“In encouraging self-reflection, it’s helpful for parents to identify core strengths and weaknesses, as these could be very different from what candidates presume. Also, parents can help recall stories and personal anecdotes from when their student was young, which can sometimes be interesting to weave into an application,” says Fortuna’s Melissa Jones, former Assistant Director for the MBA Program at INSEAD. “For example, when you were eight years old, you went to gymnastics five times a week, training for three hours at a time, and were doing competitions until the age of 15 – this shows remarkable discipline.”
Don’t: Fixate on the rankings. It’s tempting to overly rely on business school rankings in narrowing down a target list of schools. But be aware that each ranking – from the Economist to the Financial Times – has a unique methodology for identifying the best programs, and those criteria may or may not be most relevant to your child. Instead, encourage your child to identify the characteristics and qualities that matter most to them – from location, size and management curriculum to career opportunities, ROI and cost. This will help you both discuss the pros and cons of each school in a more informed way.
“Parents should try and let go of their own preconceptions of what the ‘right’ school is and let the student do the choosing by fit and feel,” says Fortuna’s Emma Bond, former Senior Manager of Admissions at the London Business School says. Bond also suggests that “parents should encourage their kids to get out and experience an international program, particularly if their undergrad has been done in their home country.”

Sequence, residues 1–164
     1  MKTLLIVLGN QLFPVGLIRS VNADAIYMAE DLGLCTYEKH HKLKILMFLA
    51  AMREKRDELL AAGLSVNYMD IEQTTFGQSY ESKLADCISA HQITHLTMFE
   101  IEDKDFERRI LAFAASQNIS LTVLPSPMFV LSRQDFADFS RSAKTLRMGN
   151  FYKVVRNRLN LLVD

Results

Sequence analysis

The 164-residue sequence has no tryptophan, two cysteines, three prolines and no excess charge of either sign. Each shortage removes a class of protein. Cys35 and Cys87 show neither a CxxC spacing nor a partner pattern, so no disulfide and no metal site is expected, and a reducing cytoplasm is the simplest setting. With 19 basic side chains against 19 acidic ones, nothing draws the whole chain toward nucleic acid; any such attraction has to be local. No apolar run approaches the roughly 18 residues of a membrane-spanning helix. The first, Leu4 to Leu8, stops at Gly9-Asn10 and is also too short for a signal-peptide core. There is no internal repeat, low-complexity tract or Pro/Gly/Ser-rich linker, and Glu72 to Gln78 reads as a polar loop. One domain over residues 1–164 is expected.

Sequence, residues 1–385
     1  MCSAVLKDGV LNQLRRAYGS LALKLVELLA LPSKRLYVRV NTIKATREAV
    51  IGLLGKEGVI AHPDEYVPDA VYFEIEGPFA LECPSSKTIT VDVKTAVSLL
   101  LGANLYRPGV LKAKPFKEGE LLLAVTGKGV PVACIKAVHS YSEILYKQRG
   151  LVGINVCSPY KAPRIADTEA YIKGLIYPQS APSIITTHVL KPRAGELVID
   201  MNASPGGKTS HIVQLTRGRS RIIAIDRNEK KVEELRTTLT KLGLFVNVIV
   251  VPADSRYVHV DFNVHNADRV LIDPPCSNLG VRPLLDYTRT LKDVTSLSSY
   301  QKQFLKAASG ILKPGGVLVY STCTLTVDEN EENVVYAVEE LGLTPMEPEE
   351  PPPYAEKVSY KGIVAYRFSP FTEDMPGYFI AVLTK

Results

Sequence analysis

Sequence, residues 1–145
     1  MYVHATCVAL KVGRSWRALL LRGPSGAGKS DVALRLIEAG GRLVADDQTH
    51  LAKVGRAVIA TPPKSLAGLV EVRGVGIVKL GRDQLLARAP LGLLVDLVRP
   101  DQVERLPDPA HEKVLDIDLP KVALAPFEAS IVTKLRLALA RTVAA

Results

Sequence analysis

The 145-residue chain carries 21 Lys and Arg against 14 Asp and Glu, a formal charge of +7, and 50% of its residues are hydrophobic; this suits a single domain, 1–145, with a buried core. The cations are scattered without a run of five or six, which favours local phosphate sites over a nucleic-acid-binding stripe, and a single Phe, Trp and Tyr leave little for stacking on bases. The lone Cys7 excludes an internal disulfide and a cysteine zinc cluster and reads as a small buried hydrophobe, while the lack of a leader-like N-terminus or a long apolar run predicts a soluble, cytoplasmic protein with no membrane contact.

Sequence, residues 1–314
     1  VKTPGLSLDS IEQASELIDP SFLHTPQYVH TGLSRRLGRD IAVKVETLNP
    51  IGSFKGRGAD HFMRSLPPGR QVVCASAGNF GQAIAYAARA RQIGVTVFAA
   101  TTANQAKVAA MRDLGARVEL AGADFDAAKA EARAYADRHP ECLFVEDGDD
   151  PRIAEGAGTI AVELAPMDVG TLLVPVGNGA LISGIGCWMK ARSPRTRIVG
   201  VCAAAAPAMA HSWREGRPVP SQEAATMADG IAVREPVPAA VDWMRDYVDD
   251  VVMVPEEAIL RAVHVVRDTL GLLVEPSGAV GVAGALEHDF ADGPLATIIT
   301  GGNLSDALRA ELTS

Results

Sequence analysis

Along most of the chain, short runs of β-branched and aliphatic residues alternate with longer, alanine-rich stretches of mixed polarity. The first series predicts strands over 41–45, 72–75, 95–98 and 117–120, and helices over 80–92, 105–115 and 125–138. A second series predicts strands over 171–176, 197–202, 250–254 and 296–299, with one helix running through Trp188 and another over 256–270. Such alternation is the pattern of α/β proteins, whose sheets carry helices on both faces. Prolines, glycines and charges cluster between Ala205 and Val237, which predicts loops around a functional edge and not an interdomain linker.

Do: Encourage planning ahead. The process of applying to business school can be an arduous and lengthy. MBA essays, for one, can’t be dashed off in a late night like a term paper, and most candidates spend months preparing for standardized exams (the GMAT or GRE). The research and preparation required typically takes a lot of effort over several months, which is difficult to juggle alongside a demanding job and other commitments. Prompt your child to create a simple project plan, and to tell you when your input might support their process.
While a parent should let the MBA applicants call the shots, know that few others are better positioned to provide the kind of moral support that will inspire an applicant to keep going when times are tough. “It never hurts to have a cheerleader (or two!) on your side,” says Fortuna’s Brittany Maschal, former member of Admissions teams at Wharton, Princeton, and Johns Hopkins. “Unlike the process of applying to college (in the US, at least), applicants might only apply to a handful of schools. There may be less “safety” or “likely” schools in the mix, therefore, you might not have any acceptances to buffer a number of rejections; this can sting, and quite frankly, rattle many high achievers!”
It can be hard for parents to ‘let go,’ and the outcome is inevitably uncertain. But trust that a profound side benefit for applicants committed to the decision-making and introspection the MBA application process demands is greater self-awareness. This will serve them well in business school, and far beyond.
Matt Symonds is Co-Founder of MBA admissions coaching firm Fortuna Admissions and Co-Host of the CentreCourt MBA Festival. For a candid assessment of your chances of admission success at a top MBA program, sign up for a free consultation.